HL Deb 29 June 1860 vol 159 cc1186-8

asked the First Lord of the Admiralty whether the Appointments to the Command of the new Steamers about to convey Passengers and Mails between Holyhead and Kingstown have been all filled up; and whether it is correct that Two Appointments to those Vessels of Commanders have been made whose Ago is far advanced, and whose state of Health was such as to preclude their being able during the last Winter to cross over in person with the Packet Boats under their direction? The subject was of the greatest importance to the public generally, but more especially to that particular portion of it that was perpetually crossing and recrossing the Channel. Their Lordships were aware that it had been for some time in agitation to construct vessels to perform the passage of a larger size than those formerly employed. Three of the new vessels were now completed, and would commence running, he understood on the 1st of August. He had been given to understand that the direction of two of the vessels had been given to officers whose age was very advanced, and whose state of health precluded them very often from going over in person with the vessels under their charge. He believed these officers to have great nautical knowledge and long experience; but their ages were very advanced; and one of them during the whole of last winter was, he was credibly informed, unable to go across the Channel in person with the vessel under his command, while the other was also laid up for several months. These new vessels would move with far greater speed than those formerly on the station; it was well known that frequently there was a very heavy sea between Holyhead and Kingstown; and on approaching the coast of Ireland the Channel presented a very crowded appearance, so that there would be a hazard that these large vessels, going with increased speed, would experience collisions. It was obvious, then, that the commanders should be persons not only of nautical experience and science, but men in the full vigour of health and strength. Yet he understood that both the commanders he had referred to were past the age of 70. Considerable anxiety had been manifested on the subject, and he should be glad to hear from the noble Duke opposite how far the information which had reached him on the subject was correct.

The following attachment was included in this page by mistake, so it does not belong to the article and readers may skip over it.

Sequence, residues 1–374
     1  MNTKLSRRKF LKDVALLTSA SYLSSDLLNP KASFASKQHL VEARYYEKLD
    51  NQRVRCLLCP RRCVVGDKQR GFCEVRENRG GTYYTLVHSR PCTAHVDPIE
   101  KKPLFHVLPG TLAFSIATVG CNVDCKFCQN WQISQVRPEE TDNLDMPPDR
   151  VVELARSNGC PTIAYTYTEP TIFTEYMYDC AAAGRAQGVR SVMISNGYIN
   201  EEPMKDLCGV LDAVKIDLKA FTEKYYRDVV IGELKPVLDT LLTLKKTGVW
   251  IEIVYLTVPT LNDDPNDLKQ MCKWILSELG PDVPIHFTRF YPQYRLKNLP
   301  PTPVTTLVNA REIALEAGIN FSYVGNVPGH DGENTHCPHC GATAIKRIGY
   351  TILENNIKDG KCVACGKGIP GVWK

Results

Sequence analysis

replied that the Admiralty had nothing whatever to do with the appointment of the officers in question. The Company appointed their own officers, and he had no right to call on the Company to tell him what officers they were going to employ. He should be very glad if these appointments were in his gift, but they were not.


thought that at any rate he might have been informed where to apply in a matter of this kind. The safety of the public was completely in the hands of the Company, and it was a notorious fact that the two officers, though experienced and skilful, were of such age and in such a state of health as rendered it improbable that they would be able during the winter to take charge of their vessels.


said, the Government had no right to interfere with the transactions of a private Company, and the Company, having the contract of the boats between Holyhead and Kingstown stood precisely in the same position to the Admiralty that any other Company stood in, and the Companies appointed their own commanders. The action and pressure of the public, he thought, would be sufficient to cause them to appoint proper officers.


said, the noble Viscount was right in calling the attention of Parliament and the public to the matter; and, as the Company received £200,000 a year for the postal service, some questions might be asked them by the Post-office authorities.


said, he should sincerely regret if no means could be found to remedy the evil.